The software manuals during this time were limited to instruction on installation and use of BASIC. However, the organization and presentation of the content was inconsistent and seemed to follow the sequence the writer thought was important. This might have been because developers created most of the content during this time. As personal computers were still not available in assembled form, we can say that the writers expected the audience to have some technical knowledge or be motivated to learn something new.
However, the trend of developers creating the documentation continued even when personal computers became popular and easily available. Users could now buy assembled computers, the audience shifted from being technical or self-motivated users to users who were interested only in the application of computers. The users expected to understand the new technology as well as be able to use it with help of the provided documentation. However, most of the early learners relied on their peers to learn how to use computers as they found the available documentation unhelpful (Lee 1986).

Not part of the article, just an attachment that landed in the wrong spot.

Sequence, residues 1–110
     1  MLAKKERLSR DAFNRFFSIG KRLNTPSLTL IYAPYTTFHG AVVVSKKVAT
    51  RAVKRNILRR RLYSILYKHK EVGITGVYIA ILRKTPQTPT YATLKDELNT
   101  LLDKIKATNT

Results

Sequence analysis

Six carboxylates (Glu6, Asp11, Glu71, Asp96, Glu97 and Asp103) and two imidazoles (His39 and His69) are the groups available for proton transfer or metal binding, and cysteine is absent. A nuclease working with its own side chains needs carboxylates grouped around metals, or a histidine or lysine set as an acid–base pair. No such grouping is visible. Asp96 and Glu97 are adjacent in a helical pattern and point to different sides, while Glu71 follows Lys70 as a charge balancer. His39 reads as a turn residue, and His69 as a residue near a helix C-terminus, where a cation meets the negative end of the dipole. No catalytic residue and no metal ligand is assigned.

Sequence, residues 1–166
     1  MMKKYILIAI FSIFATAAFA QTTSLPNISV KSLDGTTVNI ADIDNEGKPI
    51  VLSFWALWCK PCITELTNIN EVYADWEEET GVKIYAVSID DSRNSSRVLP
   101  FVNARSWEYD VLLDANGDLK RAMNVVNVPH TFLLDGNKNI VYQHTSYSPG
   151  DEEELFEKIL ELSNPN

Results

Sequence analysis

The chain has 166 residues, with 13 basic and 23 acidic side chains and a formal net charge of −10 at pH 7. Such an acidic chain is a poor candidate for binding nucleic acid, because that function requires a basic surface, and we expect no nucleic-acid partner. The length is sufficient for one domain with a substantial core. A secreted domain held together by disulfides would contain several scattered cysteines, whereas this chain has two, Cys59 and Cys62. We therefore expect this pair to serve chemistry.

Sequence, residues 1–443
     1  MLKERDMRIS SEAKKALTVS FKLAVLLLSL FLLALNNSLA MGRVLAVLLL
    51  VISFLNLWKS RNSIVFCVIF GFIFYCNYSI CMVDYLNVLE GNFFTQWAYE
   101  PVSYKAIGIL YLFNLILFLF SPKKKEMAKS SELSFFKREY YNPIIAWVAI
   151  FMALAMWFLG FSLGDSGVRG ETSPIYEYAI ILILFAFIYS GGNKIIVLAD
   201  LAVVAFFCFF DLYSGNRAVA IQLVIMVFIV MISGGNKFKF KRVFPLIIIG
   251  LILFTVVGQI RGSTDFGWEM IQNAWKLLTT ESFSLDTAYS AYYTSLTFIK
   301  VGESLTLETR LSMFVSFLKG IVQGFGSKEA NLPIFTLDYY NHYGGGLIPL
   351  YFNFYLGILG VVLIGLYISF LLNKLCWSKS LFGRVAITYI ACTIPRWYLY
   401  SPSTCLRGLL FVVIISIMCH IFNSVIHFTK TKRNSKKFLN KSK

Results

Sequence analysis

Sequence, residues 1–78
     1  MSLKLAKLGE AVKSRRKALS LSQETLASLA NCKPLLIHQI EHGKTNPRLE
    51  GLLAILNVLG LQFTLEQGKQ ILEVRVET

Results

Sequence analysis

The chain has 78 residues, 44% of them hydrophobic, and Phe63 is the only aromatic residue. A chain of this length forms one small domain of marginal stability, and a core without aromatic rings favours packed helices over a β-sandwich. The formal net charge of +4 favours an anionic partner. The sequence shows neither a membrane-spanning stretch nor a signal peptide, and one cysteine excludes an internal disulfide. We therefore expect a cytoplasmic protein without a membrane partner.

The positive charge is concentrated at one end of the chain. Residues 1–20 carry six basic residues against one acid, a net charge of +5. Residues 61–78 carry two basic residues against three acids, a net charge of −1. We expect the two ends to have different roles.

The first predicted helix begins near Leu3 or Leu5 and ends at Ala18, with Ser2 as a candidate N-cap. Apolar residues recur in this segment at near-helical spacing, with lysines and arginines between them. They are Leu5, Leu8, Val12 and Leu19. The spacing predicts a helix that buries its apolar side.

The mid to late 70s were abuzz with application of the new technology and everyone was eager to put their hands on a personal computer. Toward the end of the 70s, as computers began to penetrate businesses and people started using them for business tasks, requirement of good documentation gained importance.
To summarize, following were some of the problems with documentation in this decade:
- the documentation was created by developers and lacked organization or consistency
- documentation often had the lowest priority and was time consuming (Kuch 1975)
- delivery of updated documentation posed a major challenge (Kuch 1976)
However, creating user-oriented documentation emerged as the most important challenge with widespread application of personal computers. It became evident that the writers must have technical knowledge as well as be able to position themselves in the user’s role to understand the user requirements (Hilda 1976).
To overcome the document delivery problems, Kuch suggested that writers include the schedule or a date when the writers would provide a documentation update. He further suggested that writers provide an update package with a change sheet each month or according to the established schedule.